Did you know the Athletics provided both left fielders for the game? Shoeless Joe Jackson played 10 games with the A’s before joining Nap Lajoie in Cleveland. While Jackson is rarely mentioned in connection with the A’s, Jose Canseco’s legacy is largely inseparable from the team. Both players also occupy a darker side of the game’s history. Jackson was banned from the sport after becoming involved in a gambling conspiracy to throw the 1919 World Series. Canseco became known as the godfather of steroids and considers himself exiled from the game as a result.
Jackson was on his way to becoming an all-time great along the lines of a Nap Lajoie or Honus Wagner. His per game metrics are a bit higher than they otherwise would have been as his banishment prevented an age related decline from ever affecting his statistics. Jackson’s .356 career batting average is 49 points higher than Canseco’s best single season mark. Canseco hit tons of home runs, but Jackson was a more complete player. Both played outfield but the latter’s time as a designated hitter kept his WAR metrics restricted.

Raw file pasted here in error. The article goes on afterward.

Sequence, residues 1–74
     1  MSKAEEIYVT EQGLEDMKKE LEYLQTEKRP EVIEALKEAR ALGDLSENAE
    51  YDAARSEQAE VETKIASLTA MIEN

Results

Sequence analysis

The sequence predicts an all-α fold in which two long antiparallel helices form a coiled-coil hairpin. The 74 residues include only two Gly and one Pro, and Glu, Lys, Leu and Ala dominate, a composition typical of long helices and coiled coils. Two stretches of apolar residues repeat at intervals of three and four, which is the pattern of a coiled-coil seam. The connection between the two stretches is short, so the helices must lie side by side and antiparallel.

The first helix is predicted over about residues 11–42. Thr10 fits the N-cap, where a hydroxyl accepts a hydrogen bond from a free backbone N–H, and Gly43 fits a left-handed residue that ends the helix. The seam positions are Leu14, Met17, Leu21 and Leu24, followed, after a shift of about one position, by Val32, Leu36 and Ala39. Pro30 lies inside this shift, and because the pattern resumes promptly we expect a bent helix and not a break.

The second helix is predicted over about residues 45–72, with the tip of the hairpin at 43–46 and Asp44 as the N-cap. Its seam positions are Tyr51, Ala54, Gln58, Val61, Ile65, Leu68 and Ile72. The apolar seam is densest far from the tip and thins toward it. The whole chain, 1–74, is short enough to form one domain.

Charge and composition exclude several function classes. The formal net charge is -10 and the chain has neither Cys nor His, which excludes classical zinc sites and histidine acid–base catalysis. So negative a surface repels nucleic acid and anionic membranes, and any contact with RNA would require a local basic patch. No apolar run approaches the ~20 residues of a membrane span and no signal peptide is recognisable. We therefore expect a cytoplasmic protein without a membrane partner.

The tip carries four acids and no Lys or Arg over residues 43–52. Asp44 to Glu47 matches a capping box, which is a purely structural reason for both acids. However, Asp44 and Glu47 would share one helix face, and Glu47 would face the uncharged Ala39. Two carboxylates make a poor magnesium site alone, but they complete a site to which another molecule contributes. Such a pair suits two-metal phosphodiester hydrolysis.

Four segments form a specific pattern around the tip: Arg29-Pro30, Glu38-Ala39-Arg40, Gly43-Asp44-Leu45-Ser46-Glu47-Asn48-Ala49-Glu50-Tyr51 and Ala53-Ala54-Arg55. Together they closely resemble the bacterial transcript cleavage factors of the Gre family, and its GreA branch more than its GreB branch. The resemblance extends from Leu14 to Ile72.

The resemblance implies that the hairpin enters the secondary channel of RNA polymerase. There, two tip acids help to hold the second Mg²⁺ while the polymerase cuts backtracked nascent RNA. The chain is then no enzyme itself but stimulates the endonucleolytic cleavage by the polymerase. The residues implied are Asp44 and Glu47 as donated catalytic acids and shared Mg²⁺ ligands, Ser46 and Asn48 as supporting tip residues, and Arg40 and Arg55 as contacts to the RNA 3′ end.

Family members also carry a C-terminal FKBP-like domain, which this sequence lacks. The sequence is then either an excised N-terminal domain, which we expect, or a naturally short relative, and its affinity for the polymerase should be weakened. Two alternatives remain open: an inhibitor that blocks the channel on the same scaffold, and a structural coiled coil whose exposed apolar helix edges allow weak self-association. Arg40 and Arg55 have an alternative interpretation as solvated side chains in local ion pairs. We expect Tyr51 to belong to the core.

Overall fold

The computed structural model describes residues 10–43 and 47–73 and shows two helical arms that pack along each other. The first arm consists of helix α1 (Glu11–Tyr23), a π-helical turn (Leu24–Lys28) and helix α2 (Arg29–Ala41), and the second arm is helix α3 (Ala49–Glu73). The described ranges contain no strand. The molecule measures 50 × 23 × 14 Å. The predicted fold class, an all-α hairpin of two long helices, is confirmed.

Seventh Inning: Center Field
The Zephyers’ Harry Hooper was primarily known as a defensive power in the outfield. His offensive numbers were solid, but not too worthy of praise much higher than that assessment. Perhaps Mr. Burns appreciated his business skills as Hooper would go on to accumulate interests in a wide variety of ventures after his playing days came to an end. Hooper manages to put two more runs on the board in the top of the inning.
*Cue the Seventh Inning Stretch with Terry Cashman performing “Talkin’ Softball”*
Ken Griffey, Jr. was still a year away from his breakout 1993 season when Homer at the Bat aired. He did, however, produce lights out numbers in the ensuing 10 years that carried his WAR totals into rarified territory. Ironically, Griffey suffers from PED-induced side effects in the Simpsons episode while his career is largely seen as one of the few untouched by the scandals. Griffey posts 3 runs for the Isotopes in the bottom of the inning.